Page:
I enjoy watching a summer thunderstorm. Lightning strikes offer a natural fireworks show that sometimes surpasses the manmade kind. The furious wind and roaring thunder show the excited side of mother nature. It’s the dangerous side of nature–a human could be vacuumed into the sky by a tornado, electrocuted by lightning, or clobbered by a hailstone or wind-strewn debris. Nobody, not a king nor a baby, is immune to these hazards.
Some anthropologists and a few old school ecologists wrongly believe most of the grasslands that occurred in southeastern North America when Columbus accidentally sailed into the Caribbean were the result of manmade fires. Reed Noss dispels this notion in his book, Forgotten Grasslands of the South. The map below shows the frequency of lightning strikes in North America. The south, and especially Florida, has more lightning strikes than any other region of the continent. Dr. Noss believes the high frequency of lightning strikes can spark enough wild fires to maintain abundant grasslands without any human activity.
Map of average annual lighting strikes in North America between 1989-1999. Lighting strikes were naturally common enough to have sparked grassland-creating wild fires long before humans arrived in North America.
A longleaf pine savannah on fire. Longleaf pines are one of the few species of tree whose seedlings can survive fire.
Several lines of evidence support Dr. Noss’s conclusion that anthropogenic activity was not necessary to maintain grasslands. Formerly, longleaf pine savannah covered most of the coastal plain region of the south. There were even patches of pine savannah in the piedmont region, though oak and hickory dominated that area. There are over 900 species of plants endemic (meaning they live nowhere else) to longleaf pine savannah compared to just 80 endemic species found on the grasslands of the Great Plains. A high number of endemic species suggests an ecosystem of great antiquity and stability. Because evolution is usually a slow process, it’s not likely that all of these endemic fire-dependent species could have evolved in just the last 12,000 years. Longleaf pines require fire intervals of 1-10 years or hardwoods will crowd them out. Longleaf pines grow slowly, taking decades to reach reproductive age. A species that reproduces this slowly would have never been able to adapt quickly enough to survive a sudden change in fire regime caused by man. These fire dependent species must have already been present before man colonized the region.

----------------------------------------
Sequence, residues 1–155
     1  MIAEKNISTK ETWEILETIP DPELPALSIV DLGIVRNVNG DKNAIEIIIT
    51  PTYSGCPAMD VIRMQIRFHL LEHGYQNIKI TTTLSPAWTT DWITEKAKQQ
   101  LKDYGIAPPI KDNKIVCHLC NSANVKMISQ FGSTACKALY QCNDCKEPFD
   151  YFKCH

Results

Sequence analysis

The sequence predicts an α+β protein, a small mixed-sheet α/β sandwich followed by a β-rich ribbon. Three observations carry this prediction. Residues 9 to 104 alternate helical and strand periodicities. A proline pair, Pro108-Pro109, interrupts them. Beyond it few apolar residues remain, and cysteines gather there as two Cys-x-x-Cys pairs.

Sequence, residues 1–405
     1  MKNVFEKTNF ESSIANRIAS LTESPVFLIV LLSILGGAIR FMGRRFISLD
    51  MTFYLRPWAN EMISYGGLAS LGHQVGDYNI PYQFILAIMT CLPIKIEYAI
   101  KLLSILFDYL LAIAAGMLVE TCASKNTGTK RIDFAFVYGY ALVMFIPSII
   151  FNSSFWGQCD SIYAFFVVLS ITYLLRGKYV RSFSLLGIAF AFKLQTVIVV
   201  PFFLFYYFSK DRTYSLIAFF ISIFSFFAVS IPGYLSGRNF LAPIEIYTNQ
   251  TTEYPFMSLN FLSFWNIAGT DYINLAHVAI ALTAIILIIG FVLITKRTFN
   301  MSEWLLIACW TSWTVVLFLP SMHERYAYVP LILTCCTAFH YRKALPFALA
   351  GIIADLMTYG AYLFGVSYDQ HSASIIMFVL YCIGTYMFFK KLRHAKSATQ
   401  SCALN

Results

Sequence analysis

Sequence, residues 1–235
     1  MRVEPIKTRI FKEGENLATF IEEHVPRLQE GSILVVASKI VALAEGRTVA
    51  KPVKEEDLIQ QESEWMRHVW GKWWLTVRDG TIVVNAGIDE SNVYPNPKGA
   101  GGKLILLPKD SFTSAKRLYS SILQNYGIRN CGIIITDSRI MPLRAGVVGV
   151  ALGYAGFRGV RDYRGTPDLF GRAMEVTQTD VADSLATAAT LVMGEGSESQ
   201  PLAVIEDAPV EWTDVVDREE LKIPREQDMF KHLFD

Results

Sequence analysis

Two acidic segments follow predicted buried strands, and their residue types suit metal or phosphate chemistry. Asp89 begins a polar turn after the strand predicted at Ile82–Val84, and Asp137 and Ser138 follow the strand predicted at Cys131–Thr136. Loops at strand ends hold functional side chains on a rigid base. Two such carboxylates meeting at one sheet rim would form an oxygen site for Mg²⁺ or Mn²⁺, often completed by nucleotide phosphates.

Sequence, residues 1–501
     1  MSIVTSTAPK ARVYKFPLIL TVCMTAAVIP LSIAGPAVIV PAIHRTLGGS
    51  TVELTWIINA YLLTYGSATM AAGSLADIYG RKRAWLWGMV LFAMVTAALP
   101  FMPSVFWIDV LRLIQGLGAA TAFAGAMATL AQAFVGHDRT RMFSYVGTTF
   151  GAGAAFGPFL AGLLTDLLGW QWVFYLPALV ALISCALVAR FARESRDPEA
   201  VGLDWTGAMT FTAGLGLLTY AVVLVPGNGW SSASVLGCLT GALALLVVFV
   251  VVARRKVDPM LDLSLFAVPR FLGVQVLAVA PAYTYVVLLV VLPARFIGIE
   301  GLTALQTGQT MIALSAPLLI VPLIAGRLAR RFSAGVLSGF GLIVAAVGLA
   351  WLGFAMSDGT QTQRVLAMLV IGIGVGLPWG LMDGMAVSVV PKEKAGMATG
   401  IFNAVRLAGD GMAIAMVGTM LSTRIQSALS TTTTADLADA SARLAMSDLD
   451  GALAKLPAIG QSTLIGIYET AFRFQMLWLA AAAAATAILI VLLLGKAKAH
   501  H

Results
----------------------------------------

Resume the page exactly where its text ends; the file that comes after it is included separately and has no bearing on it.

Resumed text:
Many species of animals are also endemic to pine savannahs. The gopher tortoise and the red cockaded woodpecker are perhaps the 2 most well known vertebrates dependent on this fire-influenced environment. Gopher tortoise fossils have been found that date to millions of years ago, while red cockaded woodpecker fossils come from deposits in the vicinity of 200,000 years old. The presence of these species and many others in the fossil record long predate man’s entrance into the region. This is obvious evidence that southern grasslands preceded man.
There was a lower frequency of lightning strikes during the coldest stages of the Ice Ages. Evidence from most fossil sedimentary sites show little, if any charcoal, indicating reduced fire activity. However, less precipitation combined with megafaunal grazing created grasslands during the colder climatic phases. Following the megafaunal extinctions, fire activity spiked because so much vegetation was no longer being eaten and instead it became dry tinder.
During the Last Glacial Maximum, longleaf pine savannahs still occurred in refugium located in Florida, Louisiana, Texas, and probably along the continental shelf where sea levels regressed. Paradoxically, these areas were warmer and wetter during Ice Ages because the Gulf Stream shut down and warm water that normally circulated north pooled around these lower latitudes. Oak scrub and prairie, the result of aridity and megafauna foraging, predominated in the upper coastal plain. Longleaf pine savannah didn’t recolonize the upper coastal plain until about 6,000 years ago, but the pollen record suggests this type of environment has waxed and waned cyclically for millions of years, becoming common and widespread during warm and wet climatic phases.